For the past few weeks, we’ve been covering the saga of Republicans’ proposed “get-out-of-jail-free” bill as it moves through the Legislature. The bill would move the Public Integrity Unit from its current home in the Travis Count DA’s office, and instead allow corruption to be prosecuted in officials’ home counties. This week, corruption got one step closer to becoming entrenched in Texas law, as the Republican-led House passed its version of the bill.
As the Texas Tribune reported, HB 1690, the House bill, ” would create a special process for public officials accused of corruption. …Under HB 1690, these cases… would be handled by the Texas Rangers and then referred for prosecution to the elected official’s home county.” Democrats did their best to try and stop the bill, with Rep. Mary González’s (D-Clint) point of order about a paragraph of analysis in the bill delaying the vote by several days late last week. She also pointed out that the Texas Rangers receive funding from the Legislature, which could create conflicts of interest if the Rangers were to investigate a legislator, and she reiterated that prosecution in home counties makes trials more susceptible to undue political influences.
The House bill is similar to the Senate’s bill to move the PIU out of Travis County, with a few additional amendments. For example, the House adopted an amendment that exempts state employees from home-county prosecution, leaving that avenue available only to elected and appointed officials. There’s also an amendment that would require local prosecutors to step aside in cases where they had a business relationship with the defendant.
The provisions in the bill would not affect any of the PIU’s current cases, said Gregg Cox, who heads the PIUIn fact, only four of the cases the PIU has investigated in the past 15 years would have been affected by the bill’s terms. The trouble is, at least one of those cases would almost certainly not have been prosecuted had this bill been in effect. As Cox explained:
“The danger is, one of those cases was Kino Flores, and he had been committing crimes in his home county, and no one would pursue the case there. … If this bill had been in effect at that time, he would probably still be in office and would not be prosecuted.”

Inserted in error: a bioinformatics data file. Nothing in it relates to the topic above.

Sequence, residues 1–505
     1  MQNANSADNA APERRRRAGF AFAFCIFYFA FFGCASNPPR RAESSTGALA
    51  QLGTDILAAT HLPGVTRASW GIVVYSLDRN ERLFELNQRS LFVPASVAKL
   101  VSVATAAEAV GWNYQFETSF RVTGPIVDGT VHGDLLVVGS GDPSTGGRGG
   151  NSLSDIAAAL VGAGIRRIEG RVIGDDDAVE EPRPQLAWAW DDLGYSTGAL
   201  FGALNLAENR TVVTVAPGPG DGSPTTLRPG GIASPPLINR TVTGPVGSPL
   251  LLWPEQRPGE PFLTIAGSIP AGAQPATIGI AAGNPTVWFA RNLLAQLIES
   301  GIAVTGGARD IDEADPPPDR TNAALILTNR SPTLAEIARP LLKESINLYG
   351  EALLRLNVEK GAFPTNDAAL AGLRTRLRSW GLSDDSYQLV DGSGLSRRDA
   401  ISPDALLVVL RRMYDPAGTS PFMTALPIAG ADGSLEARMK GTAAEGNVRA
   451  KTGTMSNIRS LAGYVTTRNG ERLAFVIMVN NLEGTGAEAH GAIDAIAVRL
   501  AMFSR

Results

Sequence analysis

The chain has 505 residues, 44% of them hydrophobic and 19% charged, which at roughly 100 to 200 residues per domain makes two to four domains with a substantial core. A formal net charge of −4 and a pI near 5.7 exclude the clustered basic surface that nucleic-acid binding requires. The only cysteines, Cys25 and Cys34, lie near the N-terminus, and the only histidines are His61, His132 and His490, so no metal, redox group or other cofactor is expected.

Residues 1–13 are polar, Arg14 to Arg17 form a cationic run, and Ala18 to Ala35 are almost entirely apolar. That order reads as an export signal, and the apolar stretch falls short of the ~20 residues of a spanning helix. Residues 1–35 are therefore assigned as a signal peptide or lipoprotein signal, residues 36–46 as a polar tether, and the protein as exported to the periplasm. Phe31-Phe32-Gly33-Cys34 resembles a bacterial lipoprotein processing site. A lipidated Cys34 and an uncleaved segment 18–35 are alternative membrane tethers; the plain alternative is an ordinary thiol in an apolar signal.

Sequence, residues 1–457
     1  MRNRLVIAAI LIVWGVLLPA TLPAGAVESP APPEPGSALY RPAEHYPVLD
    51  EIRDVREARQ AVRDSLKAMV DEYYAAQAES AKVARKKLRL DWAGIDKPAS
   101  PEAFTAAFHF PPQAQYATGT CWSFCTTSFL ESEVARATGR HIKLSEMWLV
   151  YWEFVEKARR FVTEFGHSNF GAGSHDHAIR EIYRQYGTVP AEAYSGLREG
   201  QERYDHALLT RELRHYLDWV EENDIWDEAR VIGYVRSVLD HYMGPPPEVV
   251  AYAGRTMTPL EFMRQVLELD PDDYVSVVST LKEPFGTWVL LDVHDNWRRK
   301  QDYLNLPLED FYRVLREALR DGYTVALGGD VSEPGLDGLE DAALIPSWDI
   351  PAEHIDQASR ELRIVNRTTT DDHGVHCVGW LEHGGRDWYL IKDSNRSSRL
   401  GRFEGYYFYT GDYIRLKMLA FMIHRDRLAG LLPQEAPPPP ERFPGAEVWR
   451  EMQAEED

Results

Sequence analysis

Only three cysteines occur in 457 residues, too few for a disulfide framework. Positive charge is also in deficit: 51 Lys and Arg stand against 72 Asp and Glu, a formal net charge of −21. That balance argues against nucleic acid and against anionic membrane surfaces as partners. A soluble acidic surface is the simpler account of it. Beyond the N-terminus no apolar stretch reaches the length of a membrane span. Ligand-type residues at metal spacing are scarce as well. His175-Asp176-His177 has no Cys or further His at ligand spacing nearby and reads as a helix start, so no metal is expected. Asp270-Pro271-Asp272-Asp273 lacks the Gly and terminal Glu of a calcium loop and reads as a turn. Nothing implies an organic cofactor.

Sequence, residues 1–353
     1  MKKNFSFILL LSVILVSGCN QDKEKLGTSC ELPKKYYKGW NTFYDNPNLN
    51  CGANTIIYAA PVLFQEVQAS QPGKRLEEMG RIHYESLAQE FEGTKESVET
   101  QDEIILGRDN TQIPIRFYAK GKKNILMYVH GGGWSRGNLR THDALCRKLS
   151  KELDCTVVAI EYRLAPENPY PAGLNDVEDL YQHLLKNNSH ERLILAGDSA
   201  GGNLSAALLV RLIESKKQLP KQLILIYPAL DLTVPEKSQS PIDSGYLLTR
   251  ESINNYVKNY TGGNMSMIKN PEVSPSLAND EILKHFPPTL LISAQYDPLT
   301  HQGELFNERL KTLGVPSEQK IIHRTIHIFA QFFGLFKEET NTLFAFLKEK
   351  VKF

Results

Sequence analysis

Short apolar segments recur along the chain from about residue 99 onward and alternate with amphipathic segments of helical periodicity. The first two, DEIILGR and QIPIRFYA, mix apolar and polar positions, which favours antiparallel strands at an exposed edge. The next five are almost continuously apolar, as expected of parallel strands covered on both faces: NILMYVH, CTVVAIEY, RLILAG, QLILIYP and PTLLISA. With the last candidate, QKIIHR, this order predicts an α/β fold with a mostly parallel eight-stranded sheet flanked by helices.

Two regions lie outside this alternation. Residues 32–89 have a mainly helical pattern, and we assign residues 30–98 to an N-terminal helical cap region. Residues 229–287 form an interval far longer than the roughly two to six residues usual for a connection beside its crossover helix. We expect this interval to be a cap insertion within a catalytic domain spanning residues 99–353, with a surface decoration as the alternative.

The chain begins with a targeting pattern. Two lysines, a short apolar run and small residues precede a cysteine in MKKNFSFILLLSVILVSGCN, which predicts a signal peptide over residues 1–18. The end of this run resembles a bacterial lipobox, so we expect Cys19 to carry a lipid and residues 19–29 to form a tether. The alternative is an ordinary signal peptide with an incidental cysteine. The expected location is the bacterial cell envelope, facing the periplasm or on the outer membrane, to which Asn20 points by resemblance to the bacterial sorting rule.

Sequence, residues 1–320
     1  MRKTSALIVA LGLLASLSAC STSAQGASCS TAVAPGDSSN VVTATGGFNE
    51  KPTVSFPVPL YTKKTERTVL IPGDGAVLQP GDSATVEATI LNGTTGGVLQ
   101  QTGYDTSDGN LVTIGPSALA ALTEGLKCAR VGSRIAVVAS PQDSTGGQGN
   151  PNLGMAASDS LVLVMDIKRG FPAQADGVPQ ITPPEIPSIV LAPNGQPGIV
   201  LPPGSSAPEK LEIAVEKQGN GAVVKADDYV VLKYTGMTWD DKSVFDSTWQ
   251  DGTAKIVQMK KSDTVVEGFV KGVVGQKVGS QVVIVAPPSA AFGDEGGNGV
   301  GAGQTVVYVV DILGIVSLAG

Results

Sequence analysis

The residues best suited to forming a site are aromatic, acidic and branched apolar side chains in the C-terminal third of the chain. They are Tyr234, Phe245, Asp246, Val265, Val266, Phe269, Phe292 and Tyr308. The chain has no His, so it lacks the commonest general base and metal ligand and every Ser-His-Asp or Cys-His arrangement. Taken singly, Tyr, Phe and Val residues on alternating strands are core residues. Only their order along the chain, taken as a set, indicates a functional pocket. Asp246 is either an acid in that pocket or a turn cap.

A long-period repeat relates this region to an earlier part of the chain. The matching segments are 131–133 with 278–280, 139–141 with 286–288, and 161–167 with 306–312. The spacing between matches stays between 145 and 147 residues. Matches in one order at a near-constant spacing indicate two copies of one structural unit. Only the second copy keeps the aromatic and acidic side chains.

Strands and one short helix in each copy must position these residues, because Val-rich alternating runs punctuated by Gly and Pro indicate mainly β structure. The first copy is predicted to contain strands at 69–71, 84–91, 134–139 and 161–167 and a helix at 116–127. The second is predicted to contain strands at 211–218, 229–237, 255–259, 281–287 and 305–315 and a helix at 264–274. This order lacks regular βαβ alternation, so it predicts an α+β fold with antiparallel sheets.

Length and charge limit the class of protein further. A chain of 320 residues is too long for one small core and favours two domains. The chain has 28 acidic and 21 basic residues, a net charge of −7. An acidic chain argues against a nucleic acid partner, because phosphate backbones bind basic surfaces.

HB 1690 isn’t even supported by all Republicans. Rep. David Simpson (R-Longview) argued that the bill gave those accused of corruption a “home-court advantage” when it comes to prosecution. His amendment to also allow for prosecution in the county where the crime was committed was shot down by a vote of 93-49. Said Simpson:
“I just want to plead with you that you not create, with this bill, a specially protected class…I urge you not to treat yourself better than the constituents who you serve.”
The Texas Democratic Party also came out strongly against the bill’s passage. In a statement, Texas Democratic Party Deputy Executive Director Manny Garcia condemned Republicans’ actions (emphasis added):
“Putting the power of political prosecution in the hands of a politician’s local district attorney opens the door to cronyism and cover-ups. In the past few years, we have heard case after case of Republican political corruption and mismanagement at state agencies. Today, House Republicans rewarded themselves with the equivalent of a get out of jail free card for politicians.
Republicans’ misplaced priorities has taken center stage today. Meanwhile, House Democrats made the best of a bad bill by offering amendments to strengthen public accountability and protections against conflicts of interest.”
The next step is for the House and Senate to reconcile their two versions of the PIU bills. Despite Democrats’ best efforts to stop them, all we’re able to do now is sit and watch as Republicans entrench their decades of corruption firmly into state law.